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Rational Drug Design Using Integrative Structural Biology

  • Magda S. Chegkazi
  • Michael Mamais
  • Anastasia I. Sotiropoulou
  • Evangelia D. Chrysina
Protocol
Part of the Methods in Molecular Biology book series (MIMB, volume 1824)

Abstract

Modern drug discovery and design approaches rely heavily on high-throughput methods and state-of-the-art infrastructures with robotic facilities and sophisticated platforms. However, the anticipated research output that would eventually lead to new drugs with minimal or no side effects to the market has not been achieved. Despite the vast amount of information generated, very little is converted to knowledge and even less is capitalized for cross-discipline research actions. Therefore, the need for re-launching rational approaches has become apparent. Here we present an overview of the new trends in rational drug design using integrative structural biology with emphasis on X-ray protein crystallography and small molecules as ligands. With the aim to increase researchers’ awareness on the available possibilities to perform front line research, we also underline the benefits and enhanced prospects offered to the scientific community, through access to research infrastructures.

Key words

Structure-based drug design Structural biology Bioinformatics X-ray protein crystallography 

Abbreviations

3D

Three dimensional

DLS

Dynamic light scattering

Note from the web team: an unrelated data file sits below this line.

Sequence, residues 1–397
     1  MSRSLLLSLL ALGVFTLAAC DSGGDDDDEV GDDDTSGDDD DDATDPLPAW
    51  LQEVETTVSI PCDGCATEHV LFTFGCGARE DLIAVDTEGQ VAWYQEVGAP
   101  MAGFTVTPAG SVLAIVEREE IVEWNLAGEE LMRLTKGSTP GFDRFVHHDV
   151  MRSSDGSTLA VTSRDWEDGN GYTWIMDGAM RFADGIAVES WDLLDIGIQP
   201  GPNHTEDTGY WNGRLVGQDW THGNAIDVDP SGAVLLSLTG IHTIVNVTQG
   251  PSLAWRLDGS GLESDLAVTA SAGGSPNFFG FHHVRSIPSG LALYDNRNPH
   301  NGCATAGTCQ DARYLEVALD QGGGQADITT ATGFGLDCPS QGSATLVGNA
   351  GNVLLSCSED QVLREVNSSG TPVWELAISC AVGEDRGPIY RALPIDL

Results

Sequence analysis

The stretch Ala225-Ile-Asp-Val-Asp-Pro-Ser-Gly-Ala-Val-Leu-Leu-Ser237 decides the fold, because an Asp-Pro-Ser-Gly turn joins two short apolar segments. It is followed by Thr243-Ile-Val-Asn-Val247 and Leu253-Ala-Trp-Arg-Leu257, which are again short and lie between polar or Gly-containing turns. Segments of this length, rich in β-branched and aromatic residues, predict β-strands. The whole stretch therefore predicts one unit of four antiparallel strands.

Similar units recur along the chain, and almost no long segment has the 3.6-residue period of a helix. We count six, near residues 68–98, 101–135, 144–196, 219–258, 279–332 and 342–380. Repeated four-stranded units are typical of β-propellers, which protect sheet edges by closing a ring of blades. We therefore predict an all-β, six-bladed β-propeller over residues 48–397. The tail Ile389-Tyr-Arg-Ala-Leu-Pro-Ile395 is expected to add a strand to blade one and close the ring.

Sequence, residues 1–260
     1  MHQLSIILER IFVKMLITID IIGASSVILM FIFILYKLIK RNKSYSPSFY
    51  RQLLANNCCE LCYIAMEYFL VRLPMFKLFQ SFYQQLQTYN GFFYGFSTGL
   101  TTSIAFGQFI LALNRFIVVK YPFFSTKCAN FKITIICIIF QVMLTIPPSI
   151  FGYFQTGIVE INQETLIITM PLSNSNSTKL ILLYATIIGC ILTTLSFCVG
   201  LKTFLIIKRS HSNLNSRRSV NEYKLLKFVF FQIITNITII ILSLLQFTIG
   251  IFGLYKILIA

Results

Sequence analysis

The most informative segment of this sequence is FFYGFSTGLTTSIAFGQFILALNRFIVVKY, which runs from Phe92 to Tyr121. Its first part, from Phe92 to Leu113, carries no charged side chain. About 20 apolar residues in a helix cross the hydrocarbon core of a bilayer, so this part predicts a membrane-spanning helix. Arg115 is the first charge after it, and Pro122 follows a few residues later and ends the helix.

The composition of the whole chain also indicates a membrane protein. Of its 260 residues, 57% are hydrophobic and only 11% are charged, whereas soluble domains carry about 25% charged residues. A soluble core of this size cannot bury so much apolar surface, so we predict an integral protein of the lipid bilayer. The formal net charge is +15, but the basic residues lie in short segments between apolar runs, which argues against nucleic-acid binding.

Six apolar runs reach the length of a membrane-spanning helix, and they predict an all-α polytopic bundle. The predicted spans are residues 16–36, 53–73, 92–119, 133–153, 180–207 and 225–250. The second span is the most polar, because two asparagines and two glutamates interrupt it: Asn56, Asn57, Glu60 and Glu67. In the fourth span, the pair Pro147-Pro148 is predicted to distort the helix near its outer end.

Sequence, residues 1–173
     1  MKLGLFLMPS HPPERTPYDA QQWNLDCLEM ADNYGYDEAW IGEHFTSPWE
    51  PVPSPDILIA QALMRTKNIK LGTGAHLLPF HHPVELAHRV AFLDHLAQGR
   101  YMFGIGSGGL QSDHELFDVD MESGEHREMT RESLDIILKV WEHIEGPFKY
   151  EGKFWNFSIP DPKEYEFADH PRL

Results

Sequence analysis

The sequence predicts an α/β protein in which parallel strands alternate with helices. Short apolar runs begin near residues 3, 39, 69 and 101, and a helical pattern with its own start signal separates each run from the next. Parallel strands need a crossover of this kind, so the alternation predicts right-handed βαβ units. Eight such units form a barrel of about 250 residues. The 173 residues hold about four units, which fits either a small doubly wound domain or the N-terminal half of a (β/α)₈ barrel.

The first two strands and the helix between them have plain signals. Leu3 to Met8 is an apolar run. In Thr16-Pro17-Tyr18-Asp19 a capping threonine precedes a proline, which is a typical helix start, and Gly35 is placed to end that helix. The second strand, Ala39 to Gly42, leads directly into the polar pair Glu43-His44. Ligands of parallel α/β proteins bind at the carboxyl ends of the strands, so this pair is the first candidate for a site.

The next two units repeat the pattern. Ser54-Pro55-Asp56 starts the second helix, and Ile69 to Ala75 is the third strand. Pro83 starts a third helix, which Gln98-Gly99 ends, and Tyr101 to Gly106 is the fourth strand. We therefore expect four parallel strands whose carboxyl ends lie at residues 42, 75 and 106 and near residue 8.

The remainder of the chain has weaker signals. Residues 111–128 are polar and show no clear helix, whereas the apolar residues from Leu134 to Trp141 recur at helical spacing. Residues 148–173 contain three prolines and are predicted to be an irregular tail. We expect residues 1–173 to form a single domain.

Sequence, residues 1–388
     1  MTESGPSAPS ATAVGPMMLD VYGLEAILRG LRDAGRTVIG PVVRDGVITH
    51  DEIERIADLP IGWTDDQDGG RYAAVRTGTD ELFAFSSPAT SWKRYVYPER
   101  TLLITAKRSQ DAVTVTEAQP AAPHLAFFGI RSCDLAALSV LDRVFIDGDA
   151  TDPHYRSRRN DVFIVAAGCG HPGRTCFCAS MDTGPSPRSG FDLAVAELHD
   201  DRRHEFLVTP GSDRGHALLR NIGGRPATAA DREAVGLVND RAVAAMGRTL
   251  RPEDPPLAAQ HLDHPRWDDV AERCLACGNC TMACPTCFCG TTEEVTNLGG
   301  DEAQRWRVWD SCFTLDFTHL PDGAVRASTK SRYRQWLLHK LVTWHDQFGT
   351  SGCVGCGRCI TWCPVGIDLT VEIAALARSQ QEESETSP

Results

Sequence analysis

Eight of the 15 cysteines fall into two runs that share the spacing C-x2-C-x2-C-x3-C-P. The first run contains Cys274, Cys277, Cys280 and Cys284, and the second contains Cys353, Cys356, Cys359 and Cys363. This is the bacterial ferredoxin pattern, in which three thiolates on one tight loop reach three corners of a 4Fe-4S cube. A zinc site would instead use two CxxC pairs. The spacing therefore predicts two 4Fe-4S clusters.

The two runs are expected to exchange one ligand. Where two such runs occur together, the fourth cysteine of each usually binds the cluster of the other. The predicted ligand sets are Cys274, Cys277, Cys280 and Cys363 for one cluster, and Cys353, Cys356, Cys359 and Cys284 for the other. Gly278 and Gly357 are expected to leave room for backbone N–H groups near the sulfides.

DMSO

Dimethyl sulfoxide

EM

Electron microscopy

HPLC

High-performance liquid chromatography

HR-MS

High-resolution mass spectrometry

MALLS

Multi-angle laser light scattering

NMR

Nuclear magnetic resonance

RI

Research infrastructure

SAXS

Small-angle X-ray scattering

SEC

Size exclusion chromatography

SRS

Synchrotron radiation source

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Copyright information

© Springer Science+Business Media, LLC, part of Springer Nature 2018

Authors and Affiliations

  • Magda S. Chegkazi
    • 1
    • 2
  • Michael Mamais
    • 1
  • Anastasia I. Sotiropoulou
    • 1
  • Evangelia D. Chrysina
    • 1
  1. 1.Institute of Biology, Medicinal Chemistry and BiotechnologyNational Hellenic Research FoundationAthensGreece
  2. 2.Faculty of Life Sciences and Medicine, Randall Centre for Cell and Molecular BiophysicsKing’s College LondonLondonUK

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